China Gen Z’s ‘Self-Rewarding Economy’ Means Saving More And Indulging Occasionally

What Happened: In the wake of rising economic uncertainty and China’s recent COVID woes, more and more Chinese consumers are looking to save rather than spend. According to the latest “2023 McKinsey China Consumer Report,” 58 percent of urban households in China plan to “put money away for a rainy” day — the highest since 2014, according to the intelligence firm. 

Meanwhile, young Chinese consumers are also looking for greater career and work-based freedom, on top of being frugal, according to an October report released by Peking University and job-hunting Zhilian. In the same study, over 70 percent of Chinese Zillennials (the micro-generation of people born between 1993 and 1998) said they not only seek greater rights and flexibility within their workplaces but also that their goal is to become “digital nomads” someday. 

Additionally, 54 percent of China’s Gen Z — especially those working within education, legal services, finance and creative sectors — said they have side gigs to earn and save additional income. 

The Jing Take: Over the last year, alongside concepts like individualism, solo lifestyles and a general shift away from the traditional collectivism of Chinese culture, the term “self-rewarding economy” (also known as “single-person” economy) has been on the rise across China. 

As consumers seek to “put money away for a rainy day,” brands will likely see less spending in the coming months, especially as China grapples with a surge of COVID-19 cases amid the exit from its zero-COVID policy. Streets and shops in major cities around the country are reportedly empty and deserted as consumers seek to weather out the next few weeks and months until cases lessen.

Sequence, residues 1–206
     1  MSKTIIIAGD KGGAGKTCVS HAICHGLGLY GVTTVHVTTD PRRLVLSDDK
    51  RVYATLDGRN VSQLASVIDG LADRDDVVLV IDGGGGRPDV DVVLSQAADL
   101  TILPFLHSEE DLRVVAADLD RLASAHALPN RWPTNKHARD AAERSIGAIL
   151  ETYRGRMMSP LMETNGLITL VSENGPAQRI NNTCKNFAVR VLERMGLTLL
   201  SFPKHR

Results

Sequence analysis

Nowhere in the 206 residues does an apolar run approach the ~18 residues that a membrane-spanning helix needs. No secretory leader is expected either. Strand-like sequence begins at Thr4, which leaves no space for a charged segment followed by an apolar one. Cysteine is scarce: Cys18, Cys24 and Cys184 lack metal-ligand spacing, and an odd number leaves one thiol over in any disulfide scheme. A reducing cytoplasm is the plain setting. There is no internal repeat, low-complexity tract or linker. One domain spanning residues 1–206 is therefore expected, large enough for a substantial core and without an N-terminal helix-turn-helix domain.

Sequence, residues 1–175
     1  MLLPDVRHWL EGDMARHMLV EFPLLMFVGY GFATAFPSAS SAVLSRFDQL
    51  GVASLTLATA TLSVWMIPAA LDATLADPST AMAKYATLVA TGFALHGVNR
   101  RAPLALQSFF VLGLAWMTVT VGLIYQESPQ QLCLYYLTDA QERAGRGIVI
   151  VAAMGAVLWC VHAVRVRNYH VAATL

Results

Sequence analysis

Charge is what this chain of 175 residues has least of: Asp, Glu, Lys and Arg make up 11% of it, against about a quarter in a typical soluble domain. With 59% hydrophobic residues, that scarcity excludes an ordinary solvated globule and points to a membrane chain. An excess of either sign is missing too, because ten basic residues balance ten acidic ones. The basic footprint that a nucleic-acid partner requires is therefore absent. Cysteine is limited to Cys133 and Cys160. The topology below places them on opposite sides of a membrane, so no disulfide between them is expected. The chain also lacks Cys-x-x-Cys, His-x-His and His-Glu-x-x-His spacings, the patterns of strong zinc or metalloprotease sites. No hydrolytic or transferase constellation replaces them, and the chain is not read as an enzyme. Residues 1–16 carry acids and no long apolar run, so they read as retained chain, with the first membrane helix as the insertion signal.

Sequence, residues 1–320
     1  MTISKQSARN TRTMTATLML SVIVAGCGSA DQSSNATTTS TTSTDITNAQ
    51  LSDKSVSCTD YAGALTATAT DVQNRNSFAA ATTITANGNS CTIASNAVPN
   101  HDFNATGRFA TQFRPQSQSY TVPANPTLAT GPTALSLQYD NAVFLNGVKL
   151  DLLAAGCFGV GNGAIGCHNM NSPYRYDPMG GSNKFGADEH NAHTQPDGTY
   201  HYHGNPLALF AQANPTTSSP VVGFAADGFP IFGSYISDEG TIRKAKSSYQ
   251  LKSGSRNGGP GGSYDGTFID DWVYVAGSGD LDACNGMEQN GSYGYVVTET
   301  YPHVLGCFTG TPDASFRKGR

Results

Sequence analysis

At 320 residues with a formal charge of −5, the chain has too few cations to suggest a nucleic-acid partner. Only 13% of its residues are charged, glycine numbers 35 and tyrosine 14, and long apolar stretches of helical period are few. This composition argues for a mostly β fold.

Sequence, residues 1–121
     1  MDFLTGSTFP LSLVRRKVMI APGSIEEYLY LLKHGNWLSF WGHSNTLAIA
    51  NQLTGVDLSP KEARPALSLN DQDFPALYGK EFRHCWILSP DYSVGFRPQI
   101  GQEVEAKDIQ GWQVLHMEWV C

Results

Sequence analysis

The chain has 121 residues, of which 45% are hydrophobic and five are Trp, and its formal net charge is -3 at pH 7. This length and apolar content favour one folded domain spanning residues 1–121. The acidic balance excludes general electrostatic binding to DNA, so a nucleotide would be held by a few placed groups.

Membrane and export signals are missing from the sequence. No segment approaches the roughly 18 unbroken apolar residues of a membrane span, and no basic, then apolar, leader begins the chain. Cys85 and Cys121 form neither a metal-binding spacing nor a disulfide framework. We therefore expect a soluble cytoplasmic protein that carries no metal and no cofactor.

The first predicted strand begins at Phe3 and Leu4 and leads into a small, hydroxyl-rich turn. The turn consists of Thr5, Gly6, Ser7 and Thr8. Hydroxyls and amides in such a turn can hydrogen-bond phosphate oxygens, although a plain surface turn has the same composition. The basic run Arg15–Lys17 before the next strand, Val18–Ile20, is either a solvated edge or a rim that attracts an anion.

For the nation’s Gen Z especially, “self-rewarding” does not mean hedonism, but rather putting one’s personal and financial development first. This can take place not only through savings but also through “investing” in oneself through a variety of new ways, such as building self-care and ritualistic beauty routines, indulging in “little” yet meaningful luxuries, purchasing playful “blind boxes,” and enrolling in education and practical courses. 

According to analysts, blind boxes — the practice of buying packaged boxes containing mystery products from brands — is an interesting indicator of China’s Gen Z’s willingness to occasionally splurge on small, surprising “little luxuries.” Beyond the excitement of the unknown, there is also the lure of investment. Often hidden items within boxes can be resold for several times more than their original blind box value.

Lanvin is one luxury brand to tap the blind box trend in China. Photo: Lanvin Weibo

To tap into the rising demand for moments of respite and escapism while keeping consumers’ economical goals in mind, brands can consider smaller offerings in the form of mystery packaging, advent calendars and the like. But they should also consider expanding their outreach to consumers via “edutainment,” livestream tutorials or enriching experiences to better connect with these consumers who seek value and meaning through their purchases. 

Additional reporting by Zihao Liu.

The Jing Take reports on a piece of the leading news and presents our editorial team’s analysis of the key implications for the luxury industry. In the recurring column, we analyze everything from product drops and mergers to heated debate sprouting on Chinese social media.


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